The most common trap writers who incorporate research into their narrative can fall into is that their story is so laden with factual information that a loss of content control takes place and it becomes a story of ideas instead of people expressing those ideas through experience. I know this all too well because I just completed my first novel, and it required a vast amount of research.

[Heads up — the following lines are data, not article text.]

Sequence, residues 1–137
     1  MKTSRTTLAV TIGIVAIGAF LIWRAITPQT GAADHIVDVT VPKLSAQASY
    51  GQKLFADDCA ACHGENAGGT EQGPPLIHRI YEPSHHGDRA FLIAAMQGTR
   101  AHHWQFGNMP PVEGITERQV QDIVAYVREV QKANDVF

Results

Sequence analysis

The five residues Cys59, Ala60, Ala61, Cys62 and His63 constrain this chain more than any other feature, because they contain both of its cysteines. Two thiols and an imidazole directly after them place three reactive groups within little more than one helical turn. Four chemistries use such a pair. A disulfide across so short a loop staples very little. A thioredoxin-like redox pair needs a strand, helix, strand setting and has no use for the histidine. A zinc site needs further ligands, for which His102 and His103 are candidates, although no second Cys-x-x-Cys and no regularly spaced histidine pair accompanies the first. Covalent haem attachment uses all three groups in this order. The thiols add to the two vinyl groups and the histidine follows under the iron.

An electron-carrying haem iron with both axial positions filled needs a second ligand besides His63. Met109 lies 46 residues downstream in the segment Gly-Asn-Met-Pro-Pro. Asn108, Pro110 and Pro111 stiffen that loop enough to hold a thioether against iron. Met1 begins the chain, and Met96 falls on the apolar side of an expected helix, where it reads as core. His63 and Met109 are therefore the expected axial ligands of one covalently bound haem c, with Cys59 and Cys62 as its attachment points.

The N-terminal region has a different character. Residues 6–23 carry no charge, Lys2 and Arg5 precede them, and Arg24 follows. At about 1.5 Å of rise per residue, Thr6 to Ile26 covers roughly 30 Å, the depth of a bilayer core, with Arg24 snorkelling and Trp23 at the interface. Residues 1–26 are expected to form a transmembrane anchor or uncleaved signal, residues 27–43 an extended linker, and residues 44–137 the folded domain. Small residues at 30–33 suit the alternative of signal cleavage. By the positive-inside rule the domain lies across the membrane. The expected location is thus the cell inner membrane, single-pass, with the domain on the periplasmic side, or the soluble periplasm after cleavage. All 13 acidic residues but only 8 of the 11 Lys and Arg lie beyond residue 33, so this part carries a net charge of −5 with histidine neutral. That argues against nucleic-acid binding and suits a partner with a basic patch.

Fiction writers can easily write themselves into a corner. For the writer of the researched story it almost inevitably happens when the details cease to be attached to characters, particularly when writing historical fiction, which is what I have been engaged in for a number of years. My manuscript reached over 1,000 pages at one point. Of the 450 pages I cut, the majority were sections where I had fallen in love with my research. I had to accept that while I am fascinated by every aspect of the early days of the House Un-American Activities Committee (HUAC), Old Hollywood, and late 1940s anti-Semitism in Los Angeles, readers care about people affected by history more than historical facts.